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How Long Does A Botox Treatment Last?

Woman face evaluated by dermatologistYou’d have to be born out in the wilderness with no internet or pop-culture of any kind to have missed hearing about Botox in some way, shape, or form.

It seems like just about every major celebrity has had Botox injected at some point to “soften” their wrinkles. But just how often is a Botox injection needed in your face to keep those pesky fine lines and wrinkles away? Continue reading How Long Does A Botox Treatment Last?

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Crows Feet Treatment

Before and After pictures of Botox Cosmetic treatment around the eyes to reduce the appearance of crow’s feet wrinkles.
Botox crows feetbefore and after botoxbotox treatment around eyes

Where Can BOTOX® Cosmetic Be Injected?

The most common areas for the use of BOTOX® Cosmetic are frown lines between the eyebrows, the horizontal forehead lines, and the crow’s feet. On occasion, some other areas may be treated as well.

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Skin Deep: Everything You Need To Know To Age Gracefully

An interview with nationally recognized cosmetic dermatologist Charels E. Crutchfield III, M.D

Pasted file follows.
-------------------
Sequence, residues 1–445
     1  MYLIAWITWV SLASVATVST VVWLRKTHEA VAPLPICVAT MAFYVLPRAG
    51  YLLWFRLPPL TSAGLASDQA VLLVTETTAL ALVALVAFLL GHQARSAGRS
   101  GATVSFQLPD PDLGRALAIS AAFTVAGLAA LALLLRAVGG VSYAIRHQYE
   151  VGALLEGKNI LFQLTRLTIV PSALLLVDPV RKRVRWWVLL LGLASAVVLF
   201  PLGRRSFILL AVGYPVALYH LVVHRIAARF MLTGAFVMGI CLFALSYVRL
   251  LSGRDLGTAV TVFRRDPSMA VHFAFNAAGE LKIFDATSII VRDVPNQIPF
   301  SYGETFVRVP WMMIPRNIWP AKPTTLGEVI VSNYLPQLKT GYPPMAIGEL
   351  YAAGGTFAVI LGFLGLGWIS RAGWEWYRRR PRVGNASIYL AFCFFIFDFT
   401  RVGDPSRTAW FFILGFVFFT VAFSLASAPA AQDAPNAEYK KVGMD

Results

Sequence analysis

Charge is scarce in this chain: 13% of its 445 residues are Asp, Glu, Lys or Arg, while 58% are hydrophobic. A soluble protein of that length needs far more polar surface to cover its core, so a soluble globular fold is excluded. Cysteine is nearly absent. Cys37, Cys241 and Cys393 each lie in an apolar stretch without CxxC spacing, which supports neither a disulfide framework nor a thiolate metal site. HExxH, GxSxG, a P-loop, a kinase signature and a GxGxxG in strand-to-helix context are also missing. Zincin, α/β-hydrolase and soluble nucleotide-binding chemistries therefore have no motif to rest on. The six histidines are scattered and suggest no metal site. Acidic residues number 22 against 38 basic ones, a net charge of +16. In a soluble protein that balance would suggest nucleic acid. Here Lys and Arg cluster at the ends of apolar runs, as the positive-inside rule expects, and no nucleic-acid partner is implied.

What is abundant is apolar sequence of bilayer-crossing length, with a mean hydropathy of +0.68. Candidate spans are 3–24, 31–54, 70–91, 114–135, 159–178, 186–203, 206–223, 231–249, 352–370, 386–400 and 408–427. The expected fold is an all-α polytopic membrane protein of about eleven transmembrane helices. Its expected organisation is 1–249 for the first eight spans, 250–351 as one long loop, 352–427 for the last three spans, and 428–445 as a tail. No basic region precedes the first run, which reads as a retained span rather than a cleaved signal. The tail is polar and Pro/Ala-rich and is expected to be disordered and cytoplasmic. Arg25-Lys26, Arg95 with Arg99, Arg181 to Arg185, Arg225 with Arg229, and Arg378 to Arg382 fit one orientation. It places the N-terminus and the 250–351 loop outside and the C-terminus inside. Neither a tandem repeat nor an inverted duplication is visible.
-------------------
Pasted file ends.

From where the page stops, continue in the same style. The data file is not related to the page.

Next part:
Cosmetic dermatologists use a number of innovative techniques to treat stubborn fine lines and wrinkles, effectively turning back the clock. Best of all, the procedures can be performed without surgery and in a single afternoon, often allowing patients to return to work the next day. For these reasons, non-surgical cosmetic procedures are increasing in popularity. The American Society for Aesthetic Plastic Surgery (ASAPS) reported a 51 percent increase in non-surgical cosmetic procedures in 2004, compared to 2003. Among the most-requested non-surgical cosmetic procedures are Botox, fillers such as collagen, and chemical peels.
Our facial muscles age us
The facial muscles used for smiling, frowning, squinting, and laughing eventually leave creases where they expand and contract. As we age, these lines become more noticeable. Cosmetic dermatologists use a compound called botulinum toxin— commonly referred to by its brand name, Botox—to treat these wrinkles.